Memphis and Calipari Go to Hoop in China
By PETE THAMEL
Published: September 20, 2007
In a move that may someday help expand the exposure of college basketball in China, the University of Memphis signed an agreement with the Chinese Basketball Association.
Skip to next paragraph Memphis Coach John Calipari traveled to Beijing with university and city officials for the announcement of the deal, which will include Calipari’s running a series of coaching clinics and camps throughout China in the next five years.
Also, 15 men’s and women’s coaches chosen by the Chinese Basketball Association will go to Memphis for 10 days in October to learn from Calipari and his coaching staff. They will evaluate how Memphis, which could be ranked No. 1 entering this season, runs its program. One of the Chinese coaches will stay with the Tigers for the season.
Calipari said his efforts would plant a recruiting seed in China, a country with a population of 1.3 billion and a love for basketball. But he said he was unsure of the logistics of recruiting in China in terms of N.C.A.A. eligibility rules.
“I’ll be honest: In the worst-case scenario, this never includes a player,” Calipari said. “It’s still good for our campus and our city. It’s an advantage to our university as well as our athletic program. There’s no downside.”
Calipari first hatched the idea of an agreement with China after a conversation with William Wesley, a man well known in basketball circles who has strong ties with LeBron James and other N.B.A. stars. Wesley told Calipari how much the Chinese embraced James during a trip there and that a large percentage of James’s jersey and gear sales came from China.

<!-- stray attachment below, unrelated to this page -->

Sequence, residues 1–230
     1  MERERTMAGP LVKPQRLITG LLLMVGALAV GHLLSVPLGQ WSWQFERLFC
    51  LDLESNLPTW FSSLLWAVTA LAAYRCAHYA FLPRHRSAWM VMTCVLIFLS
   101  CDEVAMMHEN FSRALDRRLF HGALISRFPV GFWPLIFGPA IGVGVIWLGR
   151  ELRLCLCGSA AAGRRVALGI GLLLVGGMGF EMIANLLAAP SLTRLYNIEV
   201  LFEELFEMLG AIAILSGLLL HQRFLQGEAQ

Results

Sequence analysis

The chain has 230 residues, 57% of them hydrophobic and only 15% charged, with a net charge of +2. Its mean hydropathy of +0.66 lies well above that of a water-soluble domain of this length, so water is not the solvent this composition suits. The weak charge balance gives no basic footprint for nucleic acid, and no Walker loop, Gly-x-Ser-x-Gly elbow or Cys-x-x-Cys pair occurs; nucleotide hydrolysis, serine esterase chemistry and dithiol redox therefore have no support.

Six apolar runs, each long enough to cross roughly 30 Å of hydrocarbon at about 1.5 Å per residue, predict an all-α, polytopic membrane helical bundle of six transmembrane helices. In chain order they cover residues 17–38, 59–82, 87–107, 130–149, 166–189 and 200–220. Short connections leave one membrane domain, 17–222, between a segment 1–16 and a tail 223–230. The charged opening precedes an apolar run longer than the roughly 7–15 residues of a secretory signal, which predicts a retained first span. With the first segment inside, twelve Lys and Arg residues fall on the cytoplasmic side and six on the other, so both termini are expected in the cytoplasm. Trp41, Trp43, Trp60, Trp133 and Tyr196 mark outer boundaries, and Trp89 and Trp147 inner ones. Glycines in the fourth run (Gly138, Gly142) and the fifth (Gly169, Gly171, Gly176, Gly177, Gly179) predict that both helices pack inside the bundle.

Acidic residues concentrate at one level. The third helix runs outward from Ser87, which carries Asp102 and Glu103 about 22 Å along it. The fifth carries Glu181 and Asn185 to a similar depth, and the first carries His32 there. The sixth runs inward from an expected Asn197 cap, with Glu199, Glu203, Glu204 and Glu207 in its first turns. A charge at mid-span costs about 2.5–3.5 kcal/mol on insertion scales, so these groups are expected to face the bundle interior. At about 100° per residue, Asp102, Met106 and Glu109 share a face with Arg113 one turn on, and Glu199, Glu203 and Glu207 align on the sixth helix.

“William Wesley told me that I wouldn’t believe how big this thing was,” Calipari said. “He told me that LeBron was like a rock star over there.”
After that, Calipari said he read a column in The New York Times in May by William C. Rhoden that talked about an agreement the N.B.A. signed to help establish a foothold in China. Calipari said that after reading the article, he wanted to become the first United States coach to hire a Chinese assistant coach.
Calipari then spoke with Fred Smith, the founder of Memphis-based FedEx who has worked extensively in China. He also called Del Harris, the Dallas Mavericks assistant who coached the Chinese national team at the 2004 Olympics. At the time, the Chinese basketball delegation happened to be going to Dallas.
“I hopped on the next plane,” Calipari said.
The agreement could benefit the university beyond basketball. The provost, Ralph Faudree, who is traveling with Calipari to China, is discussing with Chinese officials the requirements for admission to Memphis. Faudree is hoping to double the number of students from China.
Calipari seems to be thinking bigger as well. He said he would love to have Memphis basketball highlights shown on China’s national television shows and was intrigued when told that the Yankees began a relationship with the Chinese Baseball Association in January. He wants to teach his up-tempo system to Chinese coaches and hopes it can spread throughout the country.
Calipari also said that the N.C.A.A. has virtually no presence in China and he hoped that the N.C.A.A. men’s tournament, which is televised in 149 other counties, could be televised there someday.
“It is fascinating to watch Coach Calipari as he grows the relationship with China and Chinese basketball,” the N.C.A.A. president, Myles Brand, said in a statement. “It speaks to the global appeal of intercollegiate basketball.”
Calipari acknowledged that reaching his goals would take time, but he is clearly excited to take the first step.
“The only way to approach this stuff is how it will help coaching and how it will help the game of basketball,” he said.
“We want to be good-will ambassadors as opposed to greedy Americans. We’re basically putting together an exchange program.”